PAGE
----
#BlackGirlMagic: Using multiple data sources to learn about Black adolescent girls’ identities, intersectionality, and media socialization

Leoandra Onnie Rogers*, Sheretta Butler Barnes, Lily Sahaguian, Dayanara Padilla, Imani Minor

*Corresponding author for this work

Research output: Contribution to journalArticlepeer-review

2 Scopus citations

Abstract

A robust literature shows that (parental) ethnic-racial socialization (ERS) influences Black youths’ identity development. Other sources of socialization, like media, are acknowledged but scarcely represented in empirical studies. In this study, we conceptualize #BlackGirlMagic (#BGM), a social media hashtag, as a media-based ERS message and examine its association with identity outcomes among Black adolescent girls (N = 63; Mage = 16.17). Analyzing qualitative and quantitative data, we show that Black girls interpret #BGM as a message of: (a) Affirmation; (b) Societal Oppression; (c) Collectiveness; and (d) Being Seen/Heard. Furthermore, girls’ interpretations of #BGM were significantly associated with racial identity measures and the content of their racial and gender identity interviews. Implications for socialization and identity research and the study of Black girls’ development are discussed.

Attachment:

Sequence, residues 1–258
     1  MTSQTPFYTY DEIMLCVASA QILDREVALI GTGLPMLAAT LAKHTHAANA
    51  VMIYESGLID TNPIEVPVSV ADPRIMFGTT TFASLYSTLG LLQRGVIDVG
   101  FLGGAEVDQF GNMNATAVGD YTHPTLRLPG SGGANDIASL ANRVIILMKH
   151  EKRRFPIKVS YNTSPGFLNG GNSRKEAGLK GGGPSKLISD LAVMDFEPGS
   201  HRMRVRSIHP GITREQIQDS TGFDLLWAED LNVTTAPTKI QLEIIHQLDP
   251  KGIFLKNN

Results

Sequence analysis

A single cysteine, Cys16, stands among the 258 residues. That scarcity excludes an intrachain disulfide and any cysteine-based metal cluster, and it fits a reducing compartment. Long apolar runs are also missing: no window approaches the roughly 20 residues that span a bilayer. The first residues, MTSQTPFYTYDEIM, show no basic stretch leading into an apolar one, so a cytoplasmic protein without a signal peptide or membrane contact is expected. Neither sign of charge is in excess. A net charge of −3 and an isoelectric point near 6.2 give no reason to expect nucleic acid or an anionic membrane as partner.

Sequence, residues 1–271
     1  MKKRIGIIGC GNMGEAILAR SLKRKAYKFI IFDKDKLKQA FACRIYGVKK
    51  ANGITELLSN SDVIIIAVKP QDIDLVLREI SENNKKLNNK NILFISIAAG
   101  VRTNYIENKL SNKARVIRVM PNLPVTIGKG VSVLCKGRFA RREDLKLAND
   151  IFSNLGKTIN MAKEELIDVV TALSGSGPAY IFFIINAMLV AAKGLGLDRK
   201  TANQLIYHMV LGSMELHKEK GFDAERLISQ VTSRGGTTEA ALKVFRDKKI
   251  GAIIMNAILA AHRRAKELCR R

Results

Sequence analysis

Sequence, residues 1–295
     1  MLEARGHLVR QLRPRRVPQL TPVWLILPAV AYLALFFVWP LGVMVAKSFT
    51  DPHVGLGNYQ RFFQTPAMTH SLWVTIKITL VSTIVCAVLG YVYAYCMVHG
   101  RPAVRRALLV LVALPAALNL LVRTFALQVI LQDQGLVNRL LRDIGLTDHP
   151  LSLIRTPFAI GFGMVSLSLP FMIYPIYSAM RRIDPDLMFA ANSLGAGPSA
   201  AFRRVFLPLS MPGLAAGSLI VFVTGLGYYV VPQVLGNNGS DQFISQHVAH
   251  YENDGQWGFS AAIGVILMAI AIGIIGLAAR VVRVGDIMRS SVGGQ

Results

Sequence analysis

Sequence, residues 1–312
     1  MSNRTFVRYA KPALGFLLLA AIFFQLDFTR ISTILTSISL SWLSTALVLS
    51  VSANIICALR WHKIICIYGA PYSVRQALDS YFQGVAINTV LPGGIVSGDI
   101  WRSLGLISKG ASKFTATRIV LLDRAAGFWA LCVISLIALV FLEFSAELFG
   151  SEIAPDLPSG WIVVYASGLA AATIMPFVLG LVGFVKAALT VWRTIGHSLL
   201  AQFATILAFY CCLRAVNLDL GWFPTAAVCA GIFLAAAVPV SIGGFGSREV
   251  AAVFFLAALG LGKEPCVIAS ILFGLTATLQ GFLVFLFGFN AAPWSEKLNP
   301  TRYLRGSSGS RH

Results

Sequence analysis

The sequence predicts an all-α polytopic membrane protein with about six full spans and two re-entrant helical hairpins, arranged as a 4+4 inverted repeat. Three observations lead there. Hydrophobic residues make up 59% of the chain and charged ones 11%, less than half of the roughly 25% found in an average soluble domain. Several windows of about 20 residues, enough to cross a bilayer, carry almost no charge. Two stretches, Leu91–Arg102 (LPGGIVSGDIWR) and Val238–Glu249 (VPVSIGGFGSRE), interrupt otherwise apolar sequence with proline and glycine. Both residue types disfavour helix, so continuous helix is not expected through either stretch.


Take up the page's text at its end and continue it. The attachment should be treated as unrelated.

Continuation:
Original languageEnglish (US)
Pages (from-to)1282-1304
Number of pages23
JournalJournal of Social Issues
Volume77
Issue number4
DOIs
StatePublished - Dec 2021

ASJC Scopus subject areas

  • Social Sciences(all)

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